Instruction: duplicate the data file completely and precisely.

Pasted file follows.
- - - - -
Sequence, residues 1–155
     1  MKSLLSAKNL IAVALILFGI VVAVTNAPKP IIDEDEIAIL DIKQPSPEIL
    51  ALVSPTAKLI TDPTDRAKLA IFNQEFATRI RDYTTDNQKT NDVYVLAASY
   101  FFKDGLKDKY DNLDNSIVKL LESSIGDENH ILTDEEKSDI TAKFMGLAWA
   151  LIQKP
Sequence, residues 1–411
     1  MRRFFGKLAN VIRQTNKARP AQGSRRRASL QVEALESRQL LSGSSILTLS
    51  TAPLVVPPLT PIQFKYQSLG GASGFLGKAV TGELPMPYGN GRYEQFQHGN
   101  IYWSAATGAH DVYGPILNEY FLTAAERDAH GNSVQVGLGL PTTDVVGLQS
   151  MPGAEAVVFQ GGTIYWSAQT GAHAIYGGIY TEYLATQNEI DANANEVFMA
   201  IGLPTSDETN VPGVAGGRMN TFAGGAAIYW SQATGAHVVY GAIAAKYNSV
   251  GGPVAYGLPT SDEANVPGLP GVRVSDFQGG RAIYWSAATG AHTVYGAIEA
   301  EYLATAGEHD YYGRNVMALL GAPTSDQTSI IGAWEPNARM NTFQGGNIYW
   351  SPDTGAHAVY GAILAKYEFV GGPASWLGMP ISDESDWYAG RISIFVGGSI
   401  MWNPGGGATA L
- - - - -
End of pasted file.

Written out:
Sequence, residues 1–155
     1  MKSLLSAKNL IAVALILFGI VVAVTNAPKP IIDEDEIAIL DIKQPSPEIL
    51  ALVSPTAKLI TDPTDRAKLA IFNQEFATRI RDYTTDNQKT NDVYVLAASY
   101  FFKDGLKDKY DNLDNSIVKL LESSIGDENH ILTDEEKSDI TAKFMGLAWA
   151  LIQKP
Sequence, residues 1–411
     1  MRRFFGKLAN VIRQTNKARP AQGSRRRASL QVEALESRQL LSGSSILTLS
    51  TAPLVVPPLT PIQFKYQSLG GASGFLGKAV TGELPMPYGN GRYEQFQHGN
   101  IYWSAATGAH DVYGPILNEY FLTAAERDAH GNSVQVGLGL PTTDVVGLQS
   151  MPGAEAVVFQ GGTIYWSAQT GAHAIYGGIY TEYLATQNEI DANANEVFMA
   201  IGLPTSDETN VPGVAGGRMN TFAGGAAIYW SQATGAHVVY GAIAAKYNSV
   251  GGPVAYGLPT SDEANVPGLP GVRVSDFQGG RAIYWSAATG AHTVYGAIEA
   301  EYLATAGEHD YYGRNVMALL GAPTSDQTSI IGAWEPNARM NTFQGGNIYW
   351  SPDTGAHAVY GAILAKYEFV GGPASWLGMP ISDESDWYAG RISIFVGGSI
   401  MWNPGGGATA L